A Case of Distrust — Ben Wander

“A Case of Distrust is a narrative mystery from 1924 San Francisco. Play as private investigator Phyllis Cadence Malone in this historical 2D adventure game. Explore underground speakeasies, smoke-filled billiard halls, classic barber shops, and more. Catch suspects in lies by using evidence, statements, and your wits. Intrinsic challenges face our heroine, as she struggles against a pushback on emancipation, leading to many doubts, both internal and external. Uncover the truth in a mystery full of deception!” — Read More

She Says — WFAE

“WFAE’s She Says is an investigative podcast series that follows the story of a sexual assault survivor in North Carolina’s Mecklenburg County and the long and difficult process of finding justice. As of this writing, no one has been brought to justice in the case.” — Read More

au-dela des limites — teamlab

teamlab is bringing an immersive, 2,000 square meter exhibition to paris, forming a vast space that allows visitors to experience the world through their own bodies. from may 4 to september 2, 2018 at la villette, ‘au-delà des limites’ explores the role of digital technology in the blurring of physical and conceptual boundaries that exist between art. while each of the installations on view maintain a sense of autonomy, they simultaneously break free from their frame and enter the realm of another, influencing and sometimes intermingling with other artworks.” — designboom

Healing Spaces — Gabi Gomes

“A smart platform that allows caregivers to transform spaces through light, color, sounds, and visuals, turning any environment into a place where older adults living with dementia can focus, engage and relax. Inspired by the research legacy of Multisensory Environments (MSEs), Healing Spaces is about creating restorative environments where older adults living with dementia and their caregivers can find respite and heal.” — Healing Spaces site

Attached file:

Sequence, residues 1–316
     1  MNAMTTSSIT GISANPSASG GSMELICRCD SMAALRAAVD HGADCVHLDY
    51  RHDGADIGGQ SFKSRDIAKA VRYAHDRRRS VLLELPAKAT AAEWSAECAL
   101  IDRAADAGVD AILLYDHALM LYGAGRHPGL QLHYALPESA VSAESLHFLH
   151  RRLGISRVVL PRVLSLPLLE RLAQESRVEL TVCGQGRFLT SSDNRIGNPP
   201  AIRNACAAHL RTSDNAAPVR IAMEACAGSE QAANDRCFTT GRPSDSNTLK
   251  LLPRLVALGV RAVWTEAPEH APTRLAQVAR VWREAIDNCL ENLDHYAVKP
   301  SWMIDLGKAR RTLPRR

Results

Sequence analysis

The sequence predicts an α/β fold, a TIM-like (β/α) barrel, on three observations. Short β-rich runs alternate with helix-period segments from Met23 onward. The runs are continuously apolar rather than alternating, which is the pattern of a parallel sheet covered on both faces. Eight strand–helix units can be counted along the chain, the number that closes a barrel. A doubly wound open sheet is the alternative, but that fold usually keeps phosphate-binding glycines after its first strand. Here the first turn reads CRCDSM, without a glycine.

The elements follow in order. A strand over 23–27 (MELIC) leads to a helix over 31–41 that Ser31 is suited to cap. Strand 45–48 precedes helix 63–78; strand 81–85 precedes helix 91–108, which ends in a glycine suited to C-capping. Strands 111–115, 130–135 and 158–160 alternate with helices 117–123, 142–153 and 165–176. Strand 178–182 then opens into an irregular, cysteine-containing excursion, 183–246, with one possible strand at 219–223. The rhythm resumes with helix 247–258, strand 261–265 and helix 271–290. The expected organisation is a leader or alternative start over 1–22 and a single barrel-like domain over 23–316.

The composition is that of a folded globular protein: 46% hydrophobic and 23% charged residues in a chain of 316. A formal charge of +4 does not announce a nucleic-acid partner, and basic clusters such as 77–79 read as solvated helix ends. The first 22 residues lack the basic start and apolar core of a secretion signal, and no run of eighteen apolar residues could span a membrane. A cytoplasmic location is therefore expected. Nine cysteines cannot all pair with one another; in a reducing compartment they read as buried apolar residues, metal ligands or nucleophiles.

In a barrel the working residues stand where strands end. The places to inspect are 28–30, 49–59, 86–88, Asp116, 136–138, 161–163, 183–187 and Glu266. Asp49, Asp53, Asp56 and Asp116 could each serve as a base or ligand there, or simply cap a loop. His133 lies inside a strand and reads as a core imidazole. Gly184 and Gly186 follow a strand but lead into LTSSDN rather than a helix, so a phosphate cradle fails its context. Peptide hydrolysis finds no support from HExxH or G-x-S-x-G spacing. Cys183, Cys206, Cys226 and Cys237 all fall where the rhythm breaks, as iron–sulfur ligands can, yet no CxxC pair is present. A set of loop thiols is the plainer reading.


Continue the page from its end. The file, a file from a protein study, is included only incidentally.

Enter The Collider: Chapter One — Anagram

“Enter The Collider, a machine built to decipher the mysteries of human relationships. This is the story of the space between people — and the electric, magnetic and caustic materials that pass between us. There’s the air temperature and humidity levels in a room in which two people fight, or the exact distance between peaceful lovers. In every exchange, there’s flesh and bone — human matter — and there are other sorts of matter.” — IDFA doc lab

The Waiting Game — Nick Fortugno, Sisi Wei, Propublica

“For decades, video games have been a major part of digital culture, helping players escape reality to live within virtual worlds. And it’s big business. Annually, the video game industry generates more than a hundred billion dollars. But no longer are video games built of fiction. Gradually, over the last few years, news organizations have begun experimenting with ways video games can be used to tell news stories. The concept breaks away from the traditional forms of text, video, audio and photos being used for storytelling purposes and helps the player, at least theoretically, feel more involved in the story they’re experiencing.” — Storybench

I am Echoborg — Rik Lander, Phil D Hall

“I am Echoborg is a funny and thought-provoking performance that is created each night by the audience in conversation with an artificial intelligence. A host sets a challenge: can you discover the best possible outcome for the relationship between humans and intelligent machines? The rest is down to the ensuing conversations.”

Life is Strange 2 — Dontnod

“After a summer of teasing, Dontnod’s sequel to its award-winning episodic adventure series Life is Strange is here, and it has a loud and clear message to deliver.